REVIEW / CONCERT
A KISS FROM MUM
Singapore Chinese Orchestra
Singapore Chinese Cultural Centre
Mother's Day is a fixture that probably benefits florists, gift shops and restaurants most, more than the people the day is meant to celebrate.
However cynical one might be, few would argue that the Singapore Chinese Orchestra (SCO) has honed its annual Mother's Day Concert programme to a fine art.
Tickets to all three of its Mother's Day Concerts, held at the Singapore Chinese Cultural Centre's new auditorium, had long been sold out.
SCO resident conductor Quek Ling Kiong was in his element as maestro and cheerleader-in-chief in the matinee, attended mostly by senior citizens.
The first half was wholly instrumental, opening with Gu Guan Ren's The Lovable Rose.
This and Phang Kok Jun's A Kiss From Mum were based on pre-existing melodies and both opened with fine dizi and gaohu solos from Yin Zhi Yang and concertmaster Li Bao Shun respectively.
There were two concertante works featuring SCO rank-and-file musicians as soloists. Shen Qin's erhu starred in Chen Yao Xing's A Song Dedicated To Mother, which began heartfelt and melancholic, but took on lively strides by its conclusion.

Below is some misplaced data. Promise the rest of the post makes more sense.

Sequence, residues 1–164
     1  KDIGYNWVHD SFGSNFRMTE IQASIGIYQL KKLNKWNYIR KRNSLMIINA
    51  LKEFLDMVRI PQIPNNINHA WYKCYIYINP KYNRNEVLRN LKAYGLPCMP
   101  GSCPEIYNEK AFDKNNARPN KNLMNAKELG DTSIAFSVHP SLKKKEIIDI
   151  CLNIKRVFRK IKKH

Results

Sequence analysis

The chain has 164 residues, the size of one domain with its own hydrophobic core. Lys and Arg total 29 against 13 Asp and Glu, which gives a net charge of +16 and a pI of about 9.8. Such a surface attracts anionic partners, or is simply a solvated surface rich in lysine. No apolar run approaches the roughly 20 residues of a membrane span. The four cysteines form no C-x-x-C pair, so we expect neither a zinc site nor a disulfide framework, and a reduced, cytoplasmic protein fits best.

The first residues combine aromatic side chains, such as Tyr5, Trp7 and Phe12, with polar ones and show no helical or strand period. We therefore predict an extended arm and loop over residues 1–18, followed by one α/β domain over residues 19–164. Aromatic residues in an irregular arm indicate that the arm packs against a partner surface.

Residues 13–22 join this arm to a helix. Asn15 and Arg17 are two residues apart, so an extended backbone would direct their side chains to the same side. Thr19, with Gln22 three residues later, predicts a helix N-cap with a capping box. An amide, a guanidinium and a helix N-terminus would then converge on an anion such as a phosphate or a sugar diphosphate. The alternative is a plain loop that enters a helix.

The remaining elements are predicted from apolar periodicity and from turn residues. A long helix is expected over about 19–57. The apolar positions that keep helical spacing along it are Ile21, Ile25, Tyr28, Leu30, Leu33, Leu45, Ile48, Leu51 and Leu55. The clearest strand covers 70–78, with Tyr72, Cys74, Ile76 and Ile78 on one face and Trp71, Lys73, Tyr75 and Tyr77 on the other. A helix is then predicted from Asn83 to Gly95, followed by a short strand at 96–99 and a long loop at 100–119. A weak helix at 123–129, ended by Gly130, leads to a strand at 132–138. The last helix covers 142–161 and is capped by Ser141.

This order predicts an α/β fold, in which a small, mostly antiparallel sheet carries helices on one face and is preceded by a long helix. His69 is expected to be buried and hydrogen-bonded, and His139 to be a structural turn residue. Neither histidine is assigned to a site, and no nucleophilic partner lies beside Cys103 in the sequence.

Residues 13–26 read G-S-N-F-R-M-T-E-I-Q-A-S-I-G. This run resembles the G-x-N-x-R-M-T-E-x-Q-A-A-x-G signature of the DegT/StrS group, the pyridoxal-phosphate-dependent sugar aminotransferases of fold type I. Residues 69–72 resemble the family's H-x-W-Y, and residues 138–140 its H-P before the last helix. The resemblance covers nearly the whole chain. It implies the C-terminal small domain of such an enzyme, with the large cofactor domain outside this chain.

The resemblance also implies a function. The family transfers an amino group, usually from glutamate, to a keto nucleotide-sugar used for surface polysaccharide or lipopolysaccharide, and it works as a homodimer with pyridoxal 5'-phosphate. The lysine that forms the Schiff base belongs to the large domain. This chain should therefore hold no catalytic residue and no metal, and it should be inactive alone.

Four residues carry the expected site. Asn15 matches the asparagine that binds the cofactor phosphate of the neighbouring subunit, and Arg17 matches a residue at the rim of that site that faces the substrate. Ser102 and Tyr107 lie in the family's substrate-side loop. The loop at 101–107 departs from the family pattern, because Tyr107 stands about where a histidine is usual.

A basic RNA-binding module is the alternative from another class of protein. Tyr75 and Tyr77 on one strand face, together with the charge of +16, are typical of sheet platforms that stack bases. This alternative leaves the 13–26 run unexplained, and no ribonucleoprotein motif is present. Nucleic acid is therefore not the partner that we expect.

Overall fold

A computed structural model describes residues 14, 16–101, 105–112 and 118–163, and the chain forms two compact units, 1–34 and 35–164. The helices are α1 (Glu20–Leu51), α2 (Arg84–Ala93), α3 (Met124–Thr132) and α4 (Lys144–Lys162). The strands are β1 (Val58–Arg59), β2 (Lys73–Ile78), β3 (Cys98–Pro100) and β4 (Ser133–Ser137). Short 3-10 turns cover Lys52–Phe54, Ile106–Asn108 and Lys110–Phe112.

Xu Hui on guzheng was more of an obbligato presence in Wang Jue's San Zi Jing (Three Characters), which had orchestra members chanting its familiar words, which also exhorted a mother's role in moulding her children's moral compass.
While Confucian in intention, the work took on a martial stance with movie-like music as it progressed.
The concert's second half was more contemporary and popular in appeal. Wang Jue's Medley Of Sichuan Folksongs was performed by the 13-member SCO Pop Music Ensemble, which includes the drum set, bongos and electric bass guitar alongside traditional instruments.
One has not lived until one has heard Kangding Love Song in the rhythm of Dave Brubeck's Take Five.
The concert's highlight had to be the appearances of pop singers Lee Peifen and Hao Hao in the segment titled I Really Love You - Songs Dedicated To Mothers. They enlivened the proceedings with youthful spunk and dialect-speaking, quickfire repartee with conductor Quek. The audience lapped it all up with keen relish.
Both had two solo songs each, in Mandarin and Hokkien.
The locally-based Lee, dressed in gaudy flower-themed gowns, was a livewire throughout. Her contrasting emotions in Mum In The Dream and Ka Ao (Wife) were immediately engaging.
The Taiwanese Hao, sporting navy blue hair, was at home in Ah Ma Ei Wei (Grandmother's Words) and Han Jiang Xue (Frosty River Snow).
For Han Jiang Xue, he sang falsetto, did a spot of female impersonation and had the audience in stitches.
Together, the dynamic duo performed three songs including I Really Love You (mixing Cantonese and Mandarin) and finished off with Liang Wern Fook's xinyao classic Old Clothes Are Better Than New Ones.